A quick look at any on-line knitting site will reveal a passion for shawls – whether knitted or crocheted, they’re all the rage. Does this reflect a desire to wander the country like a Jane Austen heroine clutching a bit of lace to a heaving bosom? Or sudden plummeting temperatures? Nah, it’s largely that, like socks, hats and blankets, shawls and wraps can be quick projects that will always fit, however relaxed your tension is, they don’t take a great deal of yarn and they’re very portable. As an added bonus, you can turn the colour up to 11 if you’re minded to escape the confines of a neutral wardrobe.

Today’s blog is essentially going to tell you a little about the ‘recipes’ for making the 2 most common shapes:  the new-fangled ‘scalene’ triangle wrap and the classic ‘v’.  But it’s worth bearing in mind that, if you have a stitch directory, a bag of yarn and some time on your hands, merely casting on multiples of your favourite lace pattern, edging it with rows and columns of garter stitch and knitting until you’re crazy bored will elicit a very fetching rectangular wrap. Not all shawls have to be triangular!

So first off – the scalene triangle wrap/shawl/scarf. Popularised by Martina Behm with her fantastically popular ‘Hitchhiker’. These long, shallow shawls have become the go-to for many a beginner pattern designer. Ravelry’s front page usually features at least one or two of them  (today there seems to be around 5!) They are usually garter stitch based, frequently make use of 4 ply/sock yarn and often have a collection of points or holes. Their recipe is simple, cast on a few stitches, increase every row on one edge and decrease every 2nd, 4th or 6th row on the other depending on the amount of depth you want in your scarf. More decreases = shallow long scarf. Less = deeper shorter scarf.

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The other classic shape is the ‘v’ – with a touch of lace, this is the go-to shape for those airy, floaty, ultra-feminine shawls to waft around your shoulders as the evening chill strikes (or  I guess, if you make them in a  thicker yarn, ignore the lace –  they’d be great for snuggling when reading in bed).

You start with a garter tab cast on, which is much harder to describe than do!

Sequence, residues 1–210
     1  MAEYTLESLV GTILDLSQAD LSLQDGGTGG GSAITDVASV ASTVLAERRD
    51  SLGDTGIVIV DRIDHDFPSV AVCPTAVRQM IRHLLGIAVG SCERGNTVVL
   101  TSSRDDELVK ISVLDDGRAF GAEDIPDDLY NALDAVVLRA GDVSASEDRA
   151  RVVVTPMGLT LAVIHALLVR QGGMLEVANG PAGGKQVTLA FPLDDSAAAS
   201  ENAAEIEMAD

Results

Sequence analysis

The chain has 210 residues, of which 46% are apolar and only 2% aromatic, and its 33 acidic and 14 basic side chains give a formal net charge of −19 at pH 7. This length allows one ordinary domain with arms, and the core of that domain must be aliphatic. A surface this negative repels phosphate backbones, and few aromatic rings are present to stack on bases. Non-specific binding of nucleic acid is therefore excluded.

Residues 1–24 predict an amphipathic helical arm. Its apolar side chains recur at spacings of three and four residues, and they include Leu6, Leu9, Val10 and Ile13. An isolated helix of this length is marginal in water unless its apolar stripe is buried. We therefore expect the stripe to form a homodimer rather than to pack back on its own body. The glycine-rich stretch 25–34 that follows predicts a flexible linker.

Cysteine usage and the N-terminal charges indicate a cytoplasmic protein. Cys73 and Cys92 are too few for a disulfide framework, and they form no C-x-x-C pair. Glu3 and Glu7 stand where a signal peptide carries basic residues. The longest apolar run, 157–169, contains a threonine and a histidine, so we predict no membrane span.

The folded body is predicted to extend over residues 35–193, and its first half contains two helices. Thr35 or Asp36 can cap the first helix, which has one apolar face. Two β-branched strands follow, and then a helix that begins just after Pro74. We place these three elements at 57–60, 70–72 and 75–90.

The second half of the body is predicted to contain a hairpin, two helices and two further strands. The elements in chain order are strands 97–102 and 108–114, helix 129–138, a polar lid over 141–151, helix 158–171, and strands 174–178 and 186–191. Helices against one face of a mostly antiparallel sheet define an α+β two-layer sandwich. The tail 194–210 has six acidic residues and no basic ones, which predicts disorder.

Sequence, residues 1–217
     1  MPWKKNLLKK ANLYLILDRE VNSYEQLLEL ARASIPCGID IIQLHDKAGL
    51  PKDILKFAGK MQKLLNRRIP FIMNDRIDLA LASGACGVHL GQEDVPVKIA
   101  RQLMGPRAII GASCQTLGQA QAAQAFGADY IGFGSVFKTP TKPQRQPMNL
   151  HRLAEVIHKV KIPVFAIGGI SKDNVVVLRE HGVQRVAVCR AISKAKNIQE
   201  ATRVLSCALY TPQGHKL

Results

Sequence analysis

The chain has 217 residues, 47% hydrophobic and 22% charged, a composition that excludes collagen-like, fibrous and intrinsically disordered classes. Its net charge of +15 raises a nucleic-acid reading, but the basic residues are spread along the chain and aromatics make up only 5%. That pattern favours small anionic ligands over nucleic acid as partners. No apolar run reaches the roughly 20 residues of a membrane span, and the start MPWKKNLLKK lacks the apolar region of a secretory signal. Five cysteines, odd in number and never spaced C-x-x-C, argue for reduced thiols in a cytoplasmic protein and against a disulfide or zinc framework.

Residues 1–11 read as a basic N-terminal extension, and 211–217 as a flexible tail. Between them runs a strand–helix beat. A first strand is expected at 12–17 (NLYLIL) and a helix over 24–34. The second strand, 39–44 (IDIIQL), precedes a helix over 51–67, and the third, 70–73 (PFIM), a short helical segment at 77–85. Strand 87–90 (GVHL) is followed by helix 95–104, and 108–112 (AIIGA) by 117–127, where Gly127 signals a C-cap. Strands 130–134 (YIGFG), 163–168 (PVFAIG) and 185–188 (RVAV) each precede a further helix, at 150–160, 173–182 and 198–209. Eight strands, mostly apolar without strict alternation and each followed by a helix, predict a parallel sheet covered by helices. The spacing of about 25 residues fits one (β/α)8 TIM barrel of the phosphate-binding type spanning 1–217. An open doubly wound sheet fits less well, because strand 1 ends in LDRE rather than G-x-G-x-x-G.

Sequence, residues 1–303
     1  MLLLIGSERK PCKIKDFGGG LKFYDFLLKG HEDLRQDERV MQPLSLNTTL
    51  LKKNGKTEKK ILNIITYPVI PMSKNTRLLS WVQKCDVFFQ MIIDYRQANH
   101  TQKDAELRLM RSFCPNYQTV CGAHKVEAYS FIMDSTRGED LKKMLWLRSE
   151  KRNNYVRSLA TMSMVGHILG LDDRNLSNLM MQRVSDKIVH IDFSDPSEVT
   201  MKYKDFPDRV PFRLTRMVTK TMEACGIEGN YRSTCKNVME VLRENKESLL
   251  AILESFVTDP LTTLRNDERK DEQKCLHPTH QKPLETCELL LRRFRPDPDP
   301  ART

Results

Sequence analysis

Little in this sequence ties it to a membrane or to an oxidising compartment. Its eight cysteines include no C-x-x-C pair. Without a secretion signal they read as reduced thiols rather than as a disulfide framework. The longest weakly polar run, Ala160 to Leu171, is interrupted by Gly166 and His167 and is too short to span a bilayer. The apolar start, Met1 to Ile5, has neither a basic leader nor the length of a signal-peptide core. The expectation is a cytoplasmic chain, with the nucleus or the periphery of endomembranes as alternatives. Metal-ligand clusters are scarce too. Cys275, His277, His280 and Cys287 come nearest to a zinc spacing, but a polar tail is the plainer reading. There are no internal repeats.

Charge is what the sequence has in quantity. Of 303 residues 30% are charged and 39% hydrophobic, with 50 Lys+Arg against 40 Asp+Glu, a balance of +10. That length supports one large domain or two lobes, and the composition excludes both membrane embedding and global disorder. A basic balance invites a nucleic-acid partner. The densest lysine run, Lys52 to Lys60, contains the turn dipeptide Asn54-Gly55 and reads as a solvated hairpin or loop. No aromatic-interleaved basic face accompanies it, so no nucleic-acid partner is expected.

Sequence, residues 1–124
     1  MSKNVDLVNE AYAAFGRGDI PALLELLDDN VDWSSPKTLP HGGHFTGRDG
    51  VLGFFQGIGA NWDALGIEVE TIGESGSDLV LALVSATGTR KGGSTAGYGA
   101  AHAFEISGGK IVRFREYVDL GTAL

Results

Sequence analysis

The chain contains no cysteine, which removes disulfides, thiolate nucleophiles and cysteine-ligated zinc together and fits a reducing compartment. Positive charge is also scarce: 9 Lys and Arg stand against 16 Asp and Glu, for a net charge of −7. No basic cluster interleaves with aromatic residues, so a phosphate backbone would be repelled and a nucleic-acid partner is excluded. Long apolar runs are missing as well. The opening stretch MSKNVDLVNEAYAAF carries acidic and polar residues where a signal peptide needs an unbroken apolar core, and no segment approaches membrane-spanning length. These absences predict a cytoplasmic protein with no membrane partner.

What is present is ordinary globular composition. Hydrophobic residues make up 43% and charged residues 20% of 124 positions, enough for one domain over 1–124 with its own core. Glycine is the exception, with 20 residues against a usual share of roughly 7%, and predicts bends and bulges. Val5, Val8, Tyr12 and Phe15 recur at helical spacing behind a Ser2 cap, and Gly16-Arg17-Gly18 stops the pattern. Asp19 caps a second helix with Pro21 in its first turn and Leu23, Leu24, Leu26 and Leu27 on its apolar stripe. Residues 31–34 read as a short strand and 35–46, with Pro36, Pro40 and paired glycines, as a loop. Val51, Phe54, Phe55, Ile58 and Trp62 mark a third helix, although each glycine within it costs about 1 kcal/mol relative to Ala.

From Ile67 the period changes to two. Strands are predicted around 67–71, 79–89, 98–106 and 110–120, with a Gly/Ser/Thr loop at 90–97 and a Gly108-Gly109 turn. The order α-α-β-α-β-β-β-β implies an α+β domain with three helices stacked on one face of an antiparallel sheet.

Cast on 3 stitches and knit 7 rows of garter stitch – then drop your second needle and pick up three stitches from the side of your garter strip (as shown)

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– then pick up three more loops from your cast on edge. You’ll end up with a crescent of 9 stitches all on one needle.

Next row: knit 3 (yo, K1) X3, yo, K3.

Next row and every wrong side row: knit 3, purl to last 3 stitches,  k3

Next row, k3, yo, k3, yo, k1, yo, k3, yo, k3 

Next row k3, yo, k5, yo,k1, yo, k5, yo, k3 . …and so on with the stitches written in green going up by 2 each row.

After the next row your work should look like this

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…..the photo illustrates the overall pattern.

When looking at a ‘v’ shaped shawl, it’s tempting to think that you start at the point and increase to the top edge, but this diagram should persuade you that you are doing precisely the opposite!

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Again, continue with the stitch pattern until you just have enough yarn to knit around 5 rows of garter stitch plus the cast off row. You’ll end up with something that looks like this. (sample knitted in Sirdar Divine Dk 2 balls x 50g, 5mm needles)

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Use sock yarn to add stripes, play around with reverse stocking stitch or eyelets, or just keep to plain old stocking stitch. If you’re inspired to move onto a lacy shawl, then at least you’ll understand the underlying structure, which should help you wrap your head around the more complicated stitch patterns.

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To get you started here’s a little free pattern from Villagewoolly.

Goldwing 

A scalene triangle scarf/shawl – with a lacy border.

You’ll need at least one ball of sock yarn (4 ply) but for a more generous wrap, 200g would be even better. I used 100g of Rico Las Vegas in shade 001 interspersed with  about 25g of WYS sock in a bright acid yellow for my version. A touch of striping will make this a more interesting knit, or make it in something silky and luxurious and you’ve got the ideal cover up for bare shoulders.

Note! I haven’t had this pattern tech edited – if you find any errors – let me know (email villagewoolly@gmail.com) – and apologies.

Dimensions (using my 125g of yarn)  160 cm wingspan and 40 cm depth (after blocking) – yours could be much bigger!

You’ll also need 4mm needles, scissors and a darning needle.

Abbreviations

st/sts – stitch/es

k – knit

kfb – knit into the front and back of the next stitch